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Spiritual Disciplines – Fasting

We are in the third week of Great Lent and this week we will look at fasting, why it is important and how we can practice the discipline of fasting in our personal lives and at our homes.

Why We Fast

In St. Luke chapter 4, we read the Spirit of God leading Jesus into the wilderness. For 40 days Jesus did not eat anything and afterward when He was hungry, the evil one comes and tempts Jesus to turn the stone into bread. But in reply, Jesus says ‘It is written, “Man does not live by bread alone, but by every word of God.”

In other words, Jesus was saying that the needs of the body are nothing compared to the needs of the soul. And so when we fast, by reducing the quantity and quality of food we eat, it is reminding us and teaching us to depend on God above all else. Because it is He Who provides everything we need – both for the body and the soul.

In the book of Jonah, we see that God had decided to destroy the city of Nineveh. But the people of Nineveh hearing of the fearful judgement which was to come upon them, decide to humble themselves by fasting and repenting. God sees their actions and changes His mind and spares them from destruction. Therefore, fasting is also considered as a form of humbling oneself before God in order to seek His mercy.

The Blessing of Fasting

Apart from the above examples, we see many more examples of fasting and how it helped the faithful of God, which are found in the prayers of Great Lent. Here are some of them.

1. Moses, the head of the prophets, observed the fast for forty days and became worthy to see God face-to-face and bringing down the commandments written on the tablets of stone. Exodus 34: 28

2. Elijah, observed the forty-days-fast, reached the glorious perfection, and became worthy to communicate directly with God. I Kings 19: 8

3. Daniel, and his saintly companions who fasted, were made wiser than anyone else at their very young age. Though they denounced the commands of the cruel king, they were saved from death. Dan 1: 16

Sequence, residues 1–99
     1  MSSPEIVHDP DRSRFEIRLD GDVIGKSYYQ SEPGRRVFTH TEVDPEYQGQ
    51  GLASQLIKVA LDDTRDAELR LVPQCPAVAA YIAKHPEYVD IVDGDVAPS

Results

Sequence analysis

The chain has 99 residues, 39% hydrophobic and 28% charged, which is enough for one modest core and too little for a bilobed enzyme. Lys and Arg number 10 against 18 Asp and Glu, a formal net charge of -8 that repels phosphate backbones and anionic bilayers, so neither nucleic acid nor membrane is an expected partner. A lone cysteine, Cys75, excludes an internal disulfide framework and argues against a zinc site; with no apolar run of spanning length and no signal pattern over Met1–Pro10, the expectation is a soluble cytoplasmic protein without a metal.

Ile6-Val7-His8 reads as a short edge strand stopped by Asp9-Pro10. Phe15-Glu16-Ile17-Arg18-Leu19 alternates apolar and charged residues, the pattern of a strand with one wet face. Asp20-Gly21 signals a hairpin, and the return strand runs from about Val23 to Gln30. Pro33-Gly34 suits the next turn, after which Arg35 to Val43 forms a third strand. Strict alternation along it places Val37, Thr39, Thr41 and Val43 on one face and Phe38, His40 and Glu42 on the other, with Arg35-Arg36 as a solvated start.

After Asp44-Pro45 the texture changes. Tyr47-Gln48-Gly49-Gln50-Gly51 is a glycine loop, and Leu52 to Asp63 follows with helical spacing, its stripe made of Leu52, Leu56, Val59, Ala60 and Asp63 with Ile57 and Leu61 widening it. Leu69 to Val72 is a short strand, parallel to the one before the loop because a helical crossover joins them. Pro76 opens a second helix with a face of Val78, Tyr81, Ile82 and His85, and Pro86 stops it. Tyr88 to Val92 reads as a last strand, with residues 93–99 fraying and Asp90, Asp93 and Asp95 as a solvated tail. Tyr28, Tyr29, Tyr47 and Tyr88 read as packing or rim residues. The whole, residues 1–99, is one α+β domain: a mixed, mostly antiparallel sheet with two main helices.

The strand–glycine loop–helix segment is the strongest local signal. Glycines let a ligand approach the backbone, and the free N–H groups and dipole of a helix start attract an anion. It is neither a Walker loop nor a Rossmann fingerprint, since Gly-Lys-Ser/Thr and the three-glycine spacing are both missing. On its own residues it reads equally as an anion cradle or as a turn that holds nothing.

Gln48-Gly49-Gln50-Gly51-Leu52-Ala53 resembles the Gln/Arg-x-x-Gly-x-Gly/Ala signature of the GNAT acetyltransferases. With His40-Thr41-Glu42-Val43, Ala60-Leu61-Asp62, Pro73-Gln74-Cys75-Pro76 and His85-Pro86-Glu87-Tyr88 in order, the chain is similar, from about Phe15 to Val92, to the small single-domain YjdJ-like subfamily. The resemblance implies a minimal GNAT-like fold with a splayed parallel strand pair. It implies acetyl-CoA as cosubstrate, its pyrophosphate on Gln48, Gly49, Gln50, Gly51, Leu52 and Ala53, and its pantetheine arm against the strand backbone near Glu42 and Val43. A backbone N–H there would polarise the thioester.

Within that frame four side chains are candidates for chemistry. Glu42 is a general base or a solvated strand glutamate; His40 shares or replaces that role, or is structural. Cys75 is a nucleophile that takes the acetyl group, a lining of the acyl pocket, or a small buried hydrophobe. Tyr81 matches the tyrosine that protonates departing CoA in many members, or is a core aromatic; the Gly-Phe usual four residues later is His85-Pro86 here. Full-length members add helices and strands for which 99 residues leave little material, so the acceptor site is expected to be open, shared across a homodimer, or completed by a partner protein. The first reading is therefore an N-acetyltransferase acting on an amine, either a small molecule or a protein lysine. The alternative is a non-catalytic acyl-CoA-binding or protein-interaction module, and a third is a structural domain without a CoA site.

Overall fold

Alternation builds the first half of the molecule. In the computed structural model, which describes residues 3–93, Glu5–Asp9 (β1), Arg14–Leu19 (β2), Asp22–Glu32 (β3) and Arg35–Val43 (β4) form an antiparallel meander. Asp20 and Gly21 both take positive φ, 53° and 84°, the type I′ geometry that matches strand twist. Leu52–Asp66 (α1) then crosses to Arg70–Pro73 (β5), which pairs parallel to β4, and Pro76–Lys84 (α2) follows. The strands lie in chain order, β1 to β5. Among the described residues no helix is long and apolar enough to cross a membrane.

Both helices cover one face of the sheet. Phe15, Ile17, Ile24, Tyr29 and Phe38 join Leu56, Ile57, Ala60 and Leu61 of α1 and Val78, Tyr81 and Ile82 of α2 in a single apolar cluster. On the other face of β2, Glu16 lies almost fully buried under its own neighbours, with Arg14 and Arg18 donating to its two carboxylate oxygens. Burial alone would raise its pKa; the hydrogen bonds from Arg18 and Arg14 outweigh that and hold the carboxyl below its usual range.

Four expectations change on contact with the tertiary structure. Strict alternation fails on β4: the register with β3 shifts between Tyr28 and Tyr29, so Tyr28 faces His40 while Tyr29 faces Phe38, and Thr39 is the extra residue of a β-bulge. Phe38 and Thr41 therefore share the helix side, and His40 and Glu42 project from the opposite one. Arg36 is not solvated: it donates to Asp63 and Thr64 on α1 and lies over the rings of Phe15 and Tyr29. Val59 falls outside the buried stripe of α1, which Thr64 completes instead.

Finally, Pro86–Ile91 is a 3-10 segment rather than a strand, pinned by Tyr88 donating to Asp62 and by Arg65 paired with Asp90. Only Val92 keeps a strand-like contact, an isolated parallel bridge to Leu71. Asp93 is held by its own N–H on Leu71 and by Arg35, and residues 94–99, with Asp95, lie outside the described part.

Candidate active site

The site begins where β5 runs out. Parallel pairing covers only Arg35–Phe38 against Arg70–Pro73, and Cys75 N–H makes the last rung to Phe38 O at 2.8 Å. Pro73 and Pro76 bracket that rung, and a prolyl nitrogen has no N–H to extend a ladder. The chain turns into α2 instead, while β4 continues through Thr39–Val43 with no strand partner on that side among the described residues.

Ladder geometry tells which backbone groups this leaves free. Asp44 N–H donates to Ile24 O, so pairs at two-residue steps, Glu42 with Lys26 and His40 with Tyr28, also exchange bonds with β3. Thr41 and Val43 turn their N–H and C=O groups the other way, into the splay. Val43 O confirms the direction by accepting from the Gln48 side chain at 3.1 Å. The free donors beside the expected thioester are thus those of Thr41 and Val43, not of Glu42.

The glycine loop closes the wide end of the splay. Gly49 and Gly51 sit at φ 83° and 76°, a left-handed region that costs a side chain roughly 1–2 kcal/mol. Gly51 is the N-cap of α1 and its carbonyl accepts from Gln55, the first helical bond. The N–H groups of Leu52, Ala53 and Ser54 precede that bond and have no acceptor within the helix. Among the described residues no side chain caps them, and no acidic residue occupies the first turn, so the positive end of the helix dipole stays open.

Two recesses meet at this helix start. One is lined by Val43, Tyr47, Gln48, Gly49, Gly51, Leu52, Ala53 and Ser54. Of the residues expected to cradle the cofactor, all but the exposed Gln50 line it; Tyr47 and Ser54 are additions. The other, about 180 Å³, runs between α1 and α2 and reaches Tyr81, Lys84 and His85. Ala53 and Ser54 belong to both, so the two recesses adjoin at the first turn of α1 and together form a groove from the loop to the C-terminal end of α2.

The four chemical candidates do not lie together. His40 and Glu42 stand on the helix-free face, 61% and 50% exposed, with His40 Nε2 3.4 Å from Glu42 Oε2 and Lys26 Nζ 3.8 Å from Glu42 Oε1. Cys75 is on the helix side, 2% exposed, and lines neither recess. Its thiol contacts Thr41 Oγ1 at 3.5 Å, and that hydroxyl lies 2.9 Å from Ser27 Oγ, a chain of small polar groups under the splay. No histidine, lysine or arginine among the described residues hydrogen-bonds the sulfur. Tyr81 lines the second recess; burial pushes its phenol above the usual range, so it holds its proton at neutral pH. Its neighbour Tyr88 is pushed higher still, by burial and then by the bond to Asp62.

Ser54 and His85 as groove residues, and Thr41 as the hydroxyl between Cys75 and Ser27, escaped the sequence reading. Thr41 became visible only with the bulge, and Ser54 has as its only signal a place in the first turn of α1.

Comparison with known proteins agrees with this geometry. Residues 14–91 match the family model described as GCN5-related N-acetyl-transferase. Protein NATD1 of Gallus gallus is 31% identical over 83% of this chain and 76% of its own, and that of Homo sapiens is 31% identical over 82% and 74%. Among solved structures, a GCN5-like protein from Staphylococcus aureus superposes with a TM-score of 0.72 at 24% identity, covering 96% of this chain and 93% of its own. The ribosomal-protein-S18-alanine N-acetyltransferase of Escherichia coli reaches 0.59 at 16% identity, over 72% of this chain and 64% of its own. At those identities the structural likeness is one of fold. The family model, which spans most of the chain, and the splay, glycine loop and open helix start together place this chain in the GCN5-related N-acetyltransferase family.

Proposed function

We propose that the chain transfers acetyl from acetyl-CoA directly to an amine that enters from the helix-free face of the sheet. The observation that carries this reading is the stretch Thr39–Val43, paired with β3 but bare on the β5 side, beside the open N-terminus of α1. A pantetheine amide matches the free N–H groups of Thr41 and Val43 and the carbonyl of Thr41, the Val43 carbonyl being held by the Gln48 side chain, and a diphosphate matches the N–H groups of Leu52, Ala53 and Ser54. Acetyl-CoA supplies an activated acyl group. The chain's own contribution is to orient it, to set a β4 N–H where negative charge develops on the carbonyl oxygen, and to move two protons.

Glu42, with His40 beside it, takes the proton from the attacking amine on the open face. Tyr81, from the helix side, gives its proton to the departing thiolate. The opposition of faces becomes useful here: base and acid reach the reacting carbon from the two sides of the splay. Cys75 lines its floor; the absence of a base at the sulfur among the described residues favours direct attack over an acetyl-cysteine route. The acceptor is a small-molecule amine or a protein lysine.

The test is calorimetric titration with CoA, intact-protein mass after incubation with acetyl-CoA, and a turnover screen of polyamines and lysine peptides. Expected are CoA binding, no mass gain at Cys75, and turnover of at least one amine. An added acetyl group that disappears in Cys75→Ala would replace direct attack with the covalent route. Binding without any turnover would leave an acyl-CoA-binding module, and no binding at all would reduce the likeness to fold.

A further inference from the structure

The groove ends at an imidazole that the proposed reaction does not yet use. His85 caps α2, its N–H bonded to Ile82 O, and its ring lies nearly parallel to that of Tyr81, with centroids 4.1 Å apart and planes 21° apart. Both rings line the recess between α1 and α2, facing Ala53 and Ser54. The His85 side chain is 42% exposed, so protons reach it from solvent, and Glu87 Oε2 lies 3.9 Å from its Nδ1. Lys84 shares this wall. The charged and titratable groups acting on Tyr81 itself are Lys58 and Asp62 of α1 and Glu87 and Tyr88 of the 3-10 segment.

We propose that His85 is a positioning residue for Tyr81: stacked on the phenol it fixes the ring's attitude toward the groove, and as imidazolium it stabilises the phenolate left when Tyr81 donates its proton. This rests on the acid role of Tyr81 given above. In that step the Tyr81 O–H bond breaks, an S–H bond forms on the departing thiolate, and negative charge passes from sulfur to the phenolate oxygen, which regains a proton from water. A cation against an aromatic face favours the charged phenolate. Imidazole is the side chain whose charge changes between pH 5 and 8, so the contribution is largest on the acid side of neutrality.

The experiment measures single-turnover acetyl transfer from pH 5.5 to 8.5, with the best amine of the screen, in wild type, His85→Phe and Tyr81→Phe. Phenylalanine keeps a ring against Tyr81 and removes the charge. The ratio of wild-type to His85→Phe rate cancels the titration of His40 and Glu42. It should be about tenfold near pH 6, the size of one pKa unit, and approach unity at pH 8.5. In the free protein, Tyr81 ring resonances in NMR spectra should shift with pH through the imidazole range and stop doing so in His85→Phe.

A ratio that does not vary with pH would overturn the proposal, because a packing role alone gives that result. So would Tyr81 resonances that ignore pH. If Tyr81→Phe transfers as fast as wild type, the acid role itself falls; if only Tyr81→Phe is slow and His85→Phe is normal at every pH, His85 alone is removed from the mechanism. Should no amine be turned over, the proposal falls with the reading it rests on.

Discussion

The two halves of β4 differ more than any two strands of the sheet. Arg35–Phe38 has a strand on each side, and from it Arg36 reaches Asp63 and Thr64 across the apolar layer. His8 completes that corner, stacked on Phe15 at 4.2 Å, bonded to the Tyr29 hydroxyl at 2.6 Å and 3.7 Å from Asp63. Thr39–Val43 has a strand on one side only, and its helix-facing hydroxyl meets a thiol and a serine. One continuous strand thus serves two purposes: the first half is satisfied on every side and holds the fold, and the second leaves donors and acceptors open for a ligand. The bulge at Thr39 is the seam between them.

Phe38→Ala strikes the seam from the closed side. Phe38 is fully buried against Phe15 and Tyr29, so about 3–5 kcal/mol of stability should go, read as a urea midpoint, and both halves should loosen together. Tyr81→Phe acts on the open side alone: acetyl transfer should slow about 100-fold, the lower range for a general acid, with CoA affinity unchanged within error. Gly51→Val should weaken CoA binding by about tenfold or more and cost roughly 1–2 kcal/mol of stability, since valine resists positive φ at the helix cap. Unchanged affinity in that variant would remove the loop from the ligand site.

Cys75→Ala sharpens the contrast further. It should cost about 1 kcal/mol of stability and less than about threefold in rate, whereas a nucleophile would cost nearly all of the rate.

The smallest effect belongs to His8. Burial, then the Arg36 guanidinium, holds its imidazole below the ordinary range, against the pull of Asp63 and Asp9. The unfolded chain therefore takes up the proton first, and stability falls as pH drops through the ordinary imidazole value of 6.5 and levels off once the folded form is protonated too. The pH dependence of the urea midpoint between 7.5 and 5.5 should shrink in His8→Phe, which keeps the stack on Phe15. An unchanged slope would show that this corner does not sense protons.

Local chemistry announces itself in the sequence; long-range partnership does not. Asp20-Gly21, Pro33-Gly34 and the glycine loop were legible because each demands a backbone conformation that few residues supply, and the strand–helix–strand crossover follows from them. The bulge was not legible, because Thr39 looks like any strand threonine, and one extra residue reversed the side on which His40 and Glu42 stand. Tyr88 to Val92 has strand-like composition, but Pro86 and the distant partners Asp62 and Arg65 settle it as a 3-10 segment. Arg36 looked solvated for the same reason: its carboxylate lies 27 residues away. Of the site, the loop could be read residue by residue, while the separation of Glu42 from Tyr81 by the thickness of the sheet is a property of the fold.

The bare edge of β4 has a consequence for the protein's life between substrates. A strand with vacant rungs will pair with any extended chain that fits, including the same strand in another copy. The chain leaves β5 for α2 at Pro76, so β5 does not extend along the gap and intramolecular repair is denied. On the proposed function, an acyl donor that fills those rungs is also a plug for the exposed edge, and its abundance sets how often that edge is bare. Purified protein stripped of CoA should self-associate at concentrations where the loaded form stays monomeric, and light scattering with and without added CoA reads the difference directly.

And as already mentioned earlier…

4. Our Lord, the Lord of the prophets, observed the forty-days-fast Himself and defeated the devil, and taught us that, those who observe the forty-days-fast in purity and holiness could defeat the enemy.

5. The fast helped the Ninevites and saved them from their punishment. Their tears showered like rain, causing seeds of repentance to sprout and healing the wounds of their iniquities. They gathered the sheaves of blessings and through their repentance, they also gathered the seeds of holiness.

So, we have seen examples of fasting and the blessing which accompanies it. Now let us see how practically we can follow fasting in our lives and families.

How to Fast

The church in her wisdom has given some prescribed ways for us to fast. This is so that we don’t have to wonder what to do and make up rules for ourselves, but rather just follow the faith and practices handed down to us.


i. Fasting mealtimes: For those who can, fast one or more mealtimes every day during the season. But this extra time gained is to be spent in prayer.

ii. Avoid meat during this season in general.

iii. Exceptions to fasting are permitted, especially in the case of the elderly, pregnant and nursing mothers, small children, and those who are weak or sick.

B. FAST IN EVERY ‘SENSE’ – from seeing, hearing and doing evil.

Fasting is not for the stomach alone. The other members of the body also need to fast: our eyes from seeing evil, our ears from hearing evil, our limbs from participating in anything that is not of God. Most important of all, we need to control our thoughts, for thoughts are the source of our actions, whether good or evil.

i. Limit all forms of entertainment that rob us of our time and take our attention away from God – TV, Social media, computer games, chit chat with friends etc.

ii. Instead use that TIME and

a. Go to church for Lenten services

b. Read the Bible: Read that day’s scripture portions

c. Read Books of the Bible you have not read

d. Read our church books – those of Hon. Metropolitan

e. Help someone else – either in your family, neighbourhood or parish.

Please keep the following in mind:

• If you are new to fasting, begin by doing faithfully do as much as you are able during the Lenten period. Don’t overdo things.

• In Isaiah 58:7, we see that the fast that pleases God is where we take care of the needs of the poor and oppressed. Unless we share with those in need around us, our fasting will never be pleasing to God. The money saved by fasting from food, should be used to help the someone else in greater need than you.

Fasting must be accompanied with prayer: Remember that fasting is more than simply abstaining from certain foods. Don’t think that simply by avoiding to eat certain kinds of food, you are following Lent! The Church Fathers have referred to fasting without prayer as “the fast of the demons” since the demons do not eat as they lack physical bodies, but neither do they pray. During the Great Lent, we are called to intensify our prayers and spiritual exercises, along with our Fast. So during the season of Great Lent, we must pay closer attention to our private prayer life.

May God in His grace and mercy guide us to follow this spiritual discipline and to lead a life pleasing to Him!

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